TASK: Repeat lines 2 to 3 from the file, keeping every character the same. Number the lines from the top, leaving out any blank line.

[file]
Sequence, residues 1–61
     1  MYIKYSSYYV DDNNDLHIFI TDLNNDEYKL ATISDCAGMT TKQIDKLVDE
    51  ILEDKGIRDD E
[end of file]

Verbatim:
     1  MYIKYSSYYV DDNNDLHIFI TDLNNDEYKL ATISDCAGMT TKQIDKLVDE
    51  ILEDKGIRDD E